THE volcanic whaleback hump of Traprain Law looms above us, its 221m-high summit shrouded in mist.
As we clamber through the long grass towards the remains of an Iron Age fort on the plateau, the modern world seems far away. We don’t have to walk a great distance before we spot the creatures we have come to see.
Standing on this rugged outcrop, we could be in Paleolithic times – the five sturdy ponies tearing at the grass before us could have modelled for the cave paintings at Lascaux. Despite being the most recent arrivals on this East Lothian hill, these Exmoor ponies belong to a breed recorded in 1086 in the Domesday Book and are believed to be the closest living relative of Europe’s original wild horses.
Today a sixth pony, Firtree, is being introduced to the founding members of this Scottish herd, established as part of a conservation grazing initiative by East Lothian Council. Ponies have been brought in to act as selective grass-cutters that will allow species of endangered wildlife regain a foothold and hopefully flourish in the long term.
Supported by the Heritage Lottery Fund and in partnership with conservation charity Plantlife’s Saving Our Magnificent Meadows project, the grazing scheme aims to halt the crippling decline of the area’s grasslands. Only two per cent of the habitat that existed in the UK in the 1930s remains today, and less than seven per cent of that is in Scotland. East Lothian still has some of the country’s most important, species-rich grasslands, though a quarter has been lost since the 1940s through farming, urban development and the spread of coastal golf courses. It is hoped the project will help safeguard species such as sheep’s sorrel and crosswort, and encourage ground-nesting birds to breed in the area.
Heading up a three-year grazing scheme, Duncan Priddle, countryside officer at ELC, says using ponies as grazers sparked his interest because the sheep that had been parachuted in (yes, literally, known as the Flying Flock) “weren’t interacting very well” with dogs being let off leads in the area. The ponies are not domesticated, so keep their distance from walkers, and require little maintenance. “They do need day-to-day observation,” says Duncan, “but they can be pretty much left to do their own thing.”
Exmoors were chosen ahead of native Scottish breeds because their small stature and hardiness make them ideally suited to living on the hill through even the harshest winter without extra food. “We won’t need to provide additional food, which is quite important since their job here is to graze the grass to an appropriate level. It’s a robust beast that will look after itself and it can be here all year round with little direct maintenance.”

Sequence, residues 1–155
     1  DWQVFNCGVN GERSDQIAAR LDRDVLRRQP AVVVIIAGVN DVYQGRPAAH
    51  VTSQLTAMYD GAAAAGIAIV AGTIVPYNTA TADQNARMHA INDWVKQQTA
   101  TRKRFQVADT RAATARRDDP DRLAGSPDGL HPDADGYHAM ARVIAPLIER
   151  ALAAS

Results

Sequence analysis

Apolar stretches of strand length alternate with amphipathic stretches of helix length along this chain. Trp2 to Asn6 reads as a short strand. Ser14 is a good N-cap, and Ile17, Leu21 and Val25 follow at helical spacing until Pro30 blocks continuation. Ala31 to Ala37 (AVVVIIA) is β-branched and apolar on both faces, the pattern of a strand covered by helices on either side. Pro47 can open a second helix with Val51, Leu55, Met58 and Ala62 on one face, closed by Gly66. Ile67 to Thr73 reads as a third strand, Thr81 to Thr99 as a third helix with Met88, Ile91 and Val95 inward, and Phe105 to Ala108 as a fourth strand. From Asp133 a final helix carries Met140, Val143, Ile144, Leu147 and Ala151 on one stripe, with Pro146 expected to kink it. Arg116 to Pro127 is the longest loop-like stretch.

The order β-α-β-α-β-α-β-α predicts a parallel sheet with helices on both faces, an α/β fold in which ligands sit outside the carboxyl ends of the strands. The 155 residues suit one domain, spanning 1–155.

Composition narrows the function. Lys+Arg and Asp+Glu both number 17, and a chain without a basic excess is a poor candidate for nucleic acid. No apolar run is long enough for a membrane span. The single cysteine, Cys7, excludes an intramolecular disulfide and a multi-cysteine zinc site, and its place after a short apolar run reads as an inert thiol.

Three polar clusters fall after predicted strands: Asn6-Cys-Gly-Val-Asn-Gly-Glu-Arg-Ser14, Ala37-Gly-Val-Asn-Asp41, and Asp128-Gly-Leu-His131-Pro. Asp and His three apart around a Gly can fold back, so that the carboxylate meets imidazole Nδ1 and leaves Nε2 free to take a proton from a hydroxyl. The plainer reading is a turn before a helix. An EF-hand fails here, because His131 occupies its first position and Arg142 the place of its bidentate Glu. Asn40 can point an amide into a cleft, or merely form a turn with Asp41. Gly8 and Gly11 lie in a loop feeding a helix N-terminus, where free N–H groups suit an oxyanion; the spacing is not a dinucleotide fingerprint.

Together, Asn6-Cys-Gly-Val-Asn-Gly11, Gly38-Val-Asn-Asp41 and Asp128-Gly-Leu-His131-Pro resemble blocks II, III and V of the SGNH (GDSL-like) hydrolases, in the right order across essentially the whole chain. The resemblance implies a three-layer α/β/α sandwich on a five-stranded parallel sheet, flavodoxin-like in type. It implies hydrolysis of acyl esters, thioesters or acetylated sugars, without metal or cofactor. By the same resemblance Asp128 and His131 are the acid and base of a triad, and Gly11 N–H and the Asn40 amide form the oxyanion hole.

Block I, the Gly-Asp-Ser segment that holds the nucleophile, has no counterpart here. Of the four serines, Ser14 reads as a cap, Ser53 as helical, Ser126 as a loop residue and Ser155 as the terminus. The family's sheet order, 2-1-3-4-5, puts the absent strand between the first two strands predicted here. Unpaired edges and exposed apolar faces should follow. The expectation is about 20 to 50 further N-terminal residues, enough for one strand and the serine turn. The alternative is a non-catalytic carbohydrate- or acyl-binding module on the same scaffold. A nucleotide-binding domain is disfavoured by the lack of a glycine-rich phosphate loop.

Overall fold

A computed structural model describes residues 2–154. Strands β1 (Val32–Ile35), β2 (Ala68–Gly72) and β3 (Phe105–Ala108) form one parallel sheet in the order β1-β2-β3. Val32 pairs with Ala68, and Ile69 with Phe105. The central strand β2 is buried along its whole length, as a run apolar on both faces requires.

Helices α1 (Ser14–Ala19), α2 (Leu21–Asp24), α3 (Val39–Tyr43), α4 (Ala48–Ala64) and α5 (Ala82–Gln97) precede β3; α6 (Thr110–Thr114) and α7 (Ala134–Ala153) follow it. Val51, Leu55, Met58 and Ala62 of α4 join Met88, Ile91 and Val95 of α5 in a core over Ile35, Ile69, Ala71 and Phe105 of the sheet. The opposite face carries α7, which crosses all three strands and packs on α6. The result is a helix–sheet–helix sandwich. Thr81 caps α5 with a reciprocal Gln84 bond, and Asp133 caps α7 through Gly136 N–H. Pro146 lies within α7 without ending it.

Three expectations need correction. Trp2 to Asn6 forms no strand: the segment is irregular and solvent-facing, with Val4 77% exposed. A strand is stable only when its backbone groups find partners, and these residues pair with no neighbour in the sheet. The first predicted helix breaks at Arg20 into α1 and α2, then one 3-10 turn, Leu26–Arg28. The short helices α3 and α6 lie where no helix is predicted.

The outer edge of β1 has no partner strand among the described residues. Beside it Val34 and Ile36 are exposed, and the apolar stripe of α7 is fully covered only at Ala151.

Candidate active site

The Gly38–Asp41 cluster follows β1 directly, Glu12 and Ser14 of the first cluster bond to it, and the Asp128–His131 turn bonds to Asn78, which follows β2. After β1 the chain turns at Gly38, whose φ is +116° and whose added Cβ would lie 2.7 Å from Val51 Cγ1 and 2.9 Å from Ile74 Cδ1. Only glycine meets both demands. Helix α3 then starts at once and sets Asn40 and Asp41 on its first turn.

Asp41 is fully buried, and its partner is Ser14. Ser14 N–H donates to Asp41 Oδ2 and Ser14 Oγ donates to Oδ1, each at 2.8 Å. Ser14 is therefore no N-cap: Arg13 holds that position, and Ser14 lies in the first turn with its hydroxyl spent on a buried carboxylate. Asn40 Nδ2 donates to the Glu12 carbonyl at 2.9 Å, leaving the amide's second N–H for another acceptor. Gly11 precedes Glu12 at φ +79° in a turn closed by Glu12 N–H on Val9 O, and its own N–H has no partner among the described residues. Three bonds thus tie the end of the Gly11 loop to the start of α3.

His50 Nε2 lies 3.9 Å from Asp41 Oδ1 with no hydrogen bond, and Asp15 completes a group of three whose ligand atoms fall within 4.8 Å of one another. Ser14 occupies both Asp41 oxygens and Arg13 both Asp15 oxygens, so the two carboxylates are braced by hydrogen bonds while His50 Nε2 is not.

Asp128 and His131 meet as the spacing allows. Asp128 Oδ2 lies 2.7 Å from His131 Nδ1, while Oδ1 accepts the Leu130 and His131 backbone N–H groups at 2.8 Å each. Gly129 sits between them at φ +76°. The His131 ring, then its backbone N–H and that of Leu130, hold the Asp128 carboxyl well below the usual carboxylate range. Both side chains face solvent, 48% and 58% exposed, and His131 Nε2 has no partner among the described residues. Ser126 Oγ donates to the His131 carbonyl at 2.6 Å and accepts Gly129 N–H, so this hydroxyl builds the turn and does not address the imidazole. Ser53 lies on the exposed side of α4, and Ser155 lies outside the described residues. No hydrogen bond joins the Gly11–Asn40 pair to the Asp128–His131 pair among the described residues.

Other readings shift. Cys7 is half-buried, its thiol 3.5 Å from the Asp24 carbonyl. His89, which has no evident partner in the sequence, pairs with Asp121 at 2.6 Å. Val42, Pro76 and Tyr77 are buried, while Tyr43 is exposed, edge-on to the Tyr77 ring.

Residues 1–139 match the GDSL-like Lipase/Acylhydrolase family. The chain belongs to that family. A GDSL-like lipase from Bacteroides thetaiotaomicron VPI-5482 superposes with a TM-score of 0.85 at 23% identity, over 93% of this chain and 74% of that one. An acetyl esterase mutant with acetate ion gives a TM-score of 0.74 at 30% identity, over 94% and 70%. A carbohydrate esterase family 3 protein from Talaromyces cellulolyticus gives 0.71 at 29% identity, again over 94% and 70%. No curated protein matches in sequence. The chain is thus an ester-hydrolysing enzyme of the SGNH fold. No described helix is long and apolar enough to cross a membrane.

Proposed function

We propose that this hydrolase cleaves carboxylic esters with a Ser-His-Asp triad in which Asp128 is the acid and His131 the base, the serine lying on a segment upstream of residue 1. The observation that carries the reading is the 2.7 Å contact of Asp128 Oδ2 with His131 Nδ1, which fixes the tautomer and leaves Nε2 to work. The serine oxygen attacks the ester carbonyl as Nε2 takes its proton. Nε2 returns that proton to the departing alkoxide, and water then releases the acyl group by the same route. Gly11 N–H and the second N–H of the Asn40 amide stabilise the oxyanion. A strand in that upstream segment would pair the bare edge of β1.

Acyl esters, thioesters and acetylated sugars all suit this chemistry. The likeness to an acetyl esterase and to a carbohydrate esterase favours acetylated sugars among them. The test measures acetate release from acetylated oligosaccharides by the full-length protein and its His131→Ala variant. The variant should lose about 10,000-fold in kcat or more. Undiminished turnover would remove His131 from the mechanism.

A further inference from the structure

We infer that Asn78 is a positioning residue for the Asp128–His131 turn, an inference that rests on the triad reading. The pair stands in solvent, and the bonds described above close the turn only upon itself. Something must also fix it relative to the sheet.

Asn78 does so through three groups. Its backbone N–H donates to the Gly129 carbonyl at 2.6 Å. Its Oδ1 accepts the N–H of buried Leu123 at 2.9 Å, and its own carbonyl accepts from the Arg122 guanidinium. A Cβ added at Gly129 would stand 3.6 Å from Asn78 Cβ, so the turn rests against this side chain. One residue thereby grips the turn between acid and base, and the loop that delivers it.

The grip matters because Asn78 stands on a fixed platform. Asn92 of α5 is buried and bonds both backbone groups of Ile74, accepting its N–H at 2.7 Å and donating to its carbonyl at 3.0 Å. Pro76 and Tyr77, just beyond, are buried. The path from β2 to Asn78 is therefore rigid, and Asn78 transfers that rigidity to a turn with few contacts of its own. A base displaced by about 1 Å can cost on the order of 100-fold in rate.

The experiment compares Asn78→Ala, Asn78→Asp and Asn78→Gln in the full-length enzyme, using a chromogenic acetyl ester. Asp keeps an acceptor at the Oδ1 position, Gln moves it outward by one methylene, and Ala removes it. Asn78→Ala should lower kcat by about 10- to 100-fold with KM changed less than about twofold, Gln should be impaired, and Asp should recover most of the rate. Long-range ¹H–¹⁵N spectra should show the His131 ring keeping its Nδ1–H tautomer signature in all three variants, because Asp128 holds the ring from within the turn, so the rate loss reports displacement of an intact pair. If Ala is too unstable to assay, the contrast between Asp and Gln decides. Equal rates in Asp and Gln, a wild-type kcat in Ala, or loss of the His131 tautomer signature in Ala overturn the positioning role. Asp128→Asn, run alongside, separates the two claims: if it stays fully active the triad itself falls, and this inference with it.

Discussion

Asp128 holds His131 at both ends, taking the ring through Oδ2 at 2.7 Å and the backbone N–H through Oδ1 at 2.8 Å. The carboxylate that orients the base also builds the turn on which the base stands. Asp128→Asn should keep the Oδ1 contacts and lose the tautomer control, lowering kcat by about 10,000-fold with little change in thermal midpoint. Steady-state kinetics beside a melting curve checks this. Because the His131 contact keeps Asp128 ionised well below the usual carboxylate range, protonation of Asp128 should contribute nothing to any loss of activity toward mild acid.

The ponies are on loan from the Moorland Mousie Trust, a charity that takes in unwanted males from breeding herds in Exmoor and gives them the chance of a useful life. The trust’s Juliet Rogers says: “Because they’re small they have very little damage impact on the land, whereas maybe a heavier breed, like the Highland, could do that,” she says.
It’s important any negative effects on the land is kept to a minimum because Traprain Law is a scheduled monument. Duncan stresses that care has to be taken with the type of animal allowed to roam free on the hill. “It can graze and do a little bit of disturbance but if it starts to break up the soil profiles then it will actually affect the archaeological story of the site,” he says.
Numerous species are expected to benefit from the scheme, including plants that have virtually vanished from the area. “By reducing the degree of coarse grass, you can take it right down to the bees, bugs that aren’t getting a chance, and plant species – things such as wood sage, heath bedstraw, wild thyme – the sort of upland plants that really will not cope well if they get swamped by tall grasses,” Duncan says. “As for animals, birds particularly will appreciate it, “meadow pipits, skylarks and the like.”
Using animals, not machinery, to control grass is not only greener (they eat the byproduct while fertilising the ground), it’s less intrusive. “Anyone walking here loves the fact that these ponies are peacefully grazing the hill. They don’t want someone standing up here with a great big strimming machine,” says Julia.”
Hopefully, other land managers will adopt grazing schemes to help restore the country’s natural grasslands. ELC is implementing conservation initiatives in three further sites as part of the UK-wide Plantlife project. “But the people side is fundamental,” Duncan says. “There’s an obvious interest in looking at nice animals, and that’s what we want to do, encouraging volunteers to get involved.”
To get involved with the conservation scheme, contact Duncan Priddle (firstname.lastname@example.org); Moorland Mousie Trust (www.moorlandmousietrust.org.uk); Plantlife (www.plantlife.org.uk)